K-12 Teaching and Learning From the UNC School of Education

Important Announcement about Online Courses and LEARN NC.

Important Message about LEARN NC

LEARN NC is evaluating its role in the current online education environment as it relates directly to the mission of UNC-Chapel Hill School of Education (UNC-CH SOE). We plan to look at our ability to facilitate the transmission of the best research coming out of UNC-CH SOE and other campus partners to support classroom teachers across North Carolina. We will begin by evaluating our existing faculty and student involvement with various NC public schools to determine what might be useful to share with you.

Don’t worry! The lesson plans, articles, and textbooks you use and love aren’t going away. They are simply being moved into the new LEARN NC Digital Archive. While we are moving away from a focus on publishing, we know it’s important that educators have access to these kinds of resources. These resources will be preserved on our website for the foreseeable future. That said, we’re directing our resources into our newest efforts, so we won’t be adding to the archive or updating its contents. This means that as the North Carolina Standard Course of Study changes in the future, we won’t be re-aligning resources. Our full-text and tag searches should make it possible for you to find exactly what you need, regardless of standards alignment.

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Resources tagged with industry are also tagged with these keywords. Select one to narrow your search or to find interdisciplinary resources.

The Alamance Cotton Mill
In Antebellum North Carolina, page 4.7
In 1837, Edwin Holt founded the Alamance Cotton Mill, which began the industrial development of Alamance County. The mill produced the first colored fabrics in the South, including the popular "Alamance Plaid."
Format: article
Alice Caudle talks about mill work
In North Carolina in the early 20th century, page 7.5
WPA Federal Writers Project interview with a North Carolia woman about her life and work in textile mills in the early twentieth century. Includes historical background and commentary.
Format: interview/primary source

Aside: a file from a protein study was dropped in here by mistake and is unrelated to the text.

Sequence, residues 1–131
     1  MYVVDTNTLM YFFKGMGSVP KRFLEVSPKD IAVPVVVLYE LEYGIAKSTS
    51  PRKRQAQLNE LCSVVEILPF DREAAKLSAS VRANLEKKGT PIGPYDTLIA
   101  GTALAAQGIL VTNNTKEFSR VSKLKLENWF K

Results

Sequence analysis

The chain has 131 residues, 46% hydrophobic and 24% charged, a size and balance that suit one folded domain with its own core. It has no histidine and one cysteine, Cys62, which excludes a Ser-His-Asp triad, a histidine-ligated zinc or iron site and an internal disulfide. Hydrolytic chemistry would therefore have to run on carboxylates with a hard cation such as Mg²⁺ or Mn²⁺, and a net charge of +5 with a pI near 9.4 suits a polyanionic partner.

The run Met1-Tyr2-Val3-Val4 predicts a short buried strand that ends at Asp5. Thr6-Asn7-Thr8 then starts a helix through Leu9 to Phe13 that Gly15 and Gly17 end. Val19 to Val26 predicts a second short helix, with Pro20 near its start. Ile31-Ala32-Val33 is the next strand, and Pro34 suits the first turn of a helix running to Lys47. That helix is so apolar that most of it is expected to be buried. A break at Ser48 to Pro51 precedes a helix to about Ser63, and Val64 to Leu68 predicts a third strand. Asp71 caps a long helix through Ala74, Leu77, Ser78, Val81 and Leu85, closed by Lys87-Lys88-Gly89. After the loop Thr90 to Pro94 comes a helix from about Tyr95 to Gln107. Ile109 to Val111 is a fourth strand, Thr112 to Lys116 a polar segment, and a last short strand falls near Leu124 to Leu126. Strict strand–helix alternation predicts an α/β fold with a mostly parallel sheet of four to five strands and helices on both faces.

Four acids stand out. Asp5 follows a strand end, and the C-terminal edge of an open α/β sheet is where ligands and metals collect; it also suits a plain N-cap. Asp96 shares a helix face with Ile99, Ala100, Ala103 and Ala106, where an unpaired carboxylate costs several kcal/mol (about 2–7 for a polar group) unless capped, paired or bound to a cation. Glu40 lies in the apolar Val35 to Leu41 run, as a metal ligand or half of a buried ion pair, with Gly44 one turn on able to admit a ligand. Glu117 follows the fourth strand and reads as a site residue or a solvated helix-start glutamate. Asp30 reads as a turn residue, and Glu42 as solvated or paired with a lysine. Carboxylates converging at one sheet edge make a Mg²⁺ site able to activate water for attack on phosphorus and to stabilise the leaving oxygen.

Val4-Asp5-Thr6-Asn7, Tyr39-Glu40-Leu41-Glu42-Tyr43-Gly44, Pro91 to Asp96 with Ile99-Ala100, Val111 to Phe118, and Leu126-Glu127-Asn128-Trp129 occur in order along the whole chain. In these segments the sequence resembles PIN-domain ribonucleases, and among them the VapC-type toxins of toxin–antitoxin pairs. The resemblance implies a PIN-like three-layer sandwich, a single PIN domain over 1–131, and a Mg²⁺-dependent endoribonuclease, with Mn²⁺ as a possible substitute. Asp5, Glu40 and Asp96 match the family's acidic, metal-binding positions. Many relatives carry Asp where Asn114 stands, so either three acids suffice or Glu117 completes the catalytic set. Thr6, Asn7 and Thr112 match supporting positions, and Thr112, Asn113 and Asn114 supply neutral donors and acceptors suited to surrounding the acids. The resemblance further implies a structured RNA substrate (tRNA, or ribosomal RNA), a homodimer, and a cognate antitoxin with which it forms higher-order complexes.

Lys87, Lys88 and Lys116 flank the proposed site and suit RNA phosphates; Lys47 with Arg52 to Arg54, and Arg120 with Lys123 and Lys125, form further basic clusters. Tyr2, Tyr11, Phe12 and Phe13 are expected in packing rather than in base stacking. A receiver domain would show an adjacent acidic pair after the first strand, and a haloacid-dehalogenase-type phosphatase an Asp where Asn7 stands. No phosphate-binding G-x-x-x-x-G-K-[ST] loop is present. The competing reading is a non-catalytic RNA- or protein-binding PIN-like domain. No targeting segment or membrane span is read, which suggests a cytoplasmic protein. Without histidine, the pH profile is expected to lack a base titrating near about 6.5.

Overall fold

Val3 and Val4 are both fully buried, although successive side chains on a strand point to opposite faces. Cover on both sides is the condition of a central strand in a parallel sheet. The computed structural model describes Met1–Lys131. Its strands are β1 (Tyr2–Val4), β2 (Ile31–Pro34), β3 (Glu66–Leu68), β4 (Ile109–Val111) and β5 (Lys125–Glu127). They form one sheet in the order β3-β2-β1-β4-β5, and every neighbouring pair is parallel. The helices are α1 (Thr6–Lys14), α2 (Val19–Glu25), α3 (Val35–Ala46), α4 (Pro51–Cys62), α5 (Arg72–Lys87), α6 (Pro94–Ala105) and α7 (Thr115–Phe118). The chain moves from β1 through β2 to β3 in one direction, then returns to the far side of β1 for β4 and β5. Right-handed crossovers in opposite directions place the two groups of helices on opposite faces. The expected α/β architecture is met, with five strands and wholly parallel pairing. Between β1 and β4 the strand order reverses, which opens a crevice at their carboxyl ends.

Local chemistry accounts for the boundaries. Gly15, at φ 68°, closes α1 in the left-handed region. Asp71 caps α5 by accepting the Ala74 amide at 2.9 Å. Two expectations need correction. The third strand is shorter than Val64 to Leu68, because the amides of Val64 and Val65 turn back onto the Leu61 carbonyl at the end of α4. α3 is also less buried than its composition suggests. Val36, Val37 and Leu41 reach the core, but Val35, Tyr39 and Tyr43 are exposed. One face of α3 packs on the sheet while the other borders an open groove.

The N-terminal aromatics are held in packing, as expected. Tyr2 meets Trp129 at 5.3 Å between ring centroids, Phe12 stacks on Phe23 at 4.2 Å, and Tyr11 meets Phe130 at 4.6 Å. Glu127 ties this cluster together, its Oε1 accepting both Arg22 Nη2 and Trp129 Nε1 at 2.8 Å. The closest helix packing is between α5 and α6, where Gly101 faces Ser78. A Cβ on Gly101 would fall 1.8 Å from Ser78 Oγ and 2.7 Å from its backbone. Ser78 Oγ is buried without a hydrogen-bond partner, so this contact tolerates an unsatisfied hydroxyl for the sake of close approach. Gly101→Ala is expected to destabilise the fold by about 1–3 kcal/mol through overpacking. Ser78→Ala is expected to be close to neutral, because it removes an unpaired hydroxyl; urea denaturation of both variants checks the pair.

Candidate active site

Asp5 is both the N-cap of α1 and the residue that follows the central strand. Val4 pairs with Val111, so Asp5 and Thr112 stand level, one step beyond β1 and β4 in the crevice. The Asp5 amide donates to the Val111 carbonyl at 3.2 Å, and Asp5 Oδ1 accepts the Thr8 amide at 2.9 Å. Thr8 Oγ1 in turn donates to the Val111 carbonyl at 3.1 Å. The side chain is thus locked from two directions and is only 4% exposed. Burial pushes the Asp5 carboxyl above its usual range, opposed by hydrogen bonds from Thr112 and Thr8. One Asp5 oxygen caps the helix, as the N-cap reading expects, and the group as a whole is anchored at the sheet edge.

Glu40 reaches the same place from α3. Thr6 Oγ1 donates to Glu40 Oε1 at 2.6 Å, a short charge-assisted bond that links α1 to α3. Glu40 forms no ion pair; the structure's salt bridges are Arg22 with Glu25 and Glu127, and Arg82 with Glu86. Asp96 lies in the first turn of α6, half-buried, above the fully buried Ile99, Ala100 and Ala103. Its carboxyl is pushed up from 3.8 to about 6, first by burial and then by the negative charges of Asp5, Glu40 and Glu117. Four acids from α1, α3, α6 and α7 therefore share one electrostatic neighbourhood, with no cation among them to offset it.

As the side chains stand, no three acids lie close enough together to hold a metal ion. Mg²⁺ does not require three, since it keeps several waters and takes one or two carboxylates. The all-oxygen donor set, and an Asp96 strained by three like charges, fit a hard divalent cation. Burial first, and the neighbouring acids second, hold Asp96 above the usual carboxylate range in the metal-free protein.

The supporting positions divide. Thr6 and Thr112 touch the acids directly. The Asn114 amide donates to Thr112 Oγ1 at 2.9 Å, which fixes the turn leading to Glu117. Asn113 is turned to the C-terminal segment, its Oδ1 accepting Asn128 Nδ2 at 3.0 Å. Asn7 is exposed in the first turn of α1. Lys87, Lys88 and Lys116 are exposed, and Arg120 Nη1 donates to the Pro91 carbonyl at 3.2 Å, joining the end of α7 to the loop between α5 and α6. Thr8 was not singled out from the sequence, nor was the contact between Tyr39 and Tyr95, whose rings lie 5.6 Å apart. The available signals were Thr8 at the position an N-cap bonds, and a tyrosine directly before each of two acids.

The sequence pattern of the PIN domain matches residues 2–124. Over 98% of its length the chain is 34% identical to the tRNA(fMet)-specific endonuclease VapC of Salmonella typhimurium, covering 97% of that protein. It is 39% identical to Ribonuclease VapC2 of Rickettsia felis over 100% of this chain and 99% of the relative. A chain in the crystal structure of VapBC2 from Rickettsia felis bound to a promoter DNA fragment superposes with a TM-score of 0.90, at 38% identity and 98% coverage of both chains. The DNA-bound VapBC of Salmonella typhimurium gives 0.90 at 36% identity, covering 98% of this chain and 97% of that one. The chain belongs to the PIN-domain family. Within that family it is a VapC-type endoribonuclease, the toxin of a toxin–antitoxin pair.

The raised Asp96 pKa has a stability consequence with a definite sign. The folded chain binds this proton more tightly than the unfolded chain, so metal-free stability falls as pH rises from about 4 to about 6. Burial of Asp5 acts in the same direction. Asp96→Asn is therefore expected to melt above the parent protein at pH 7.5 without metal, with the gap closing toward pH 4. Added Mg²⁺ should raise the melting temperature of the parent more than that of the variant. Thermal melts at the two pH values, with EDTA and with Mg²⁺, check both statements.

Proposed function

Commentary and sidebar notes by L. Maren Wood.
Antebellum North Carolina
Primary sources and readings explore North Carolina in the antebellum period (1830–1860). Topics include slavery, daily life, agriculture, industry, technology, and the arts, as well as the events leading to secession and civil war.
Format: book (multiple pages)
The Bonsack machine and labor unrest
In North Carolina in the New South, page 3.7
When the Duke tobacco company adopted the Bonsack machine for rolling cigarettes, workers who had rolled cigarettes by hand were thrown out of work, and their replacements made less money.
Format: article
The Carolina Coal Company mine explosion
In North Carolina in the early 20th century, page 7.6
An explosion in a mine near Coal Glen, North Carolina, in 1925, killed fifty-three miners and led to the passage of the state Worker's Compensation Act.
Format: article
Child labor
In North Carolina in the early 20th century, page 7.1
In North Carolina History: A Sampler, page 7.7
Slideshow Lewis Hine, photographer for the National Child Labor Committee, documented child labor across...
Format: article
Child labor laws in North Carolina
In The Great Depression and World War II, page 2.2
Excerpt of North Carolina's 1933 law regulating child labor. Includes historical background.
Format: legislation/primary source
Commentary and sidebar notes by L. Maren Wood.
The closing of a factory
In Recent North Carolina, page 3.2
In North Carolina History: A Sampler, page 5.8
Excerpts from two oral history interviews about the closing of the White Furniture Factory in Mebane, North Carolina, in the 1990s. Includes historical background.
Format: interview/primary source
Commentary and sidebar notes by L. Maren Wood.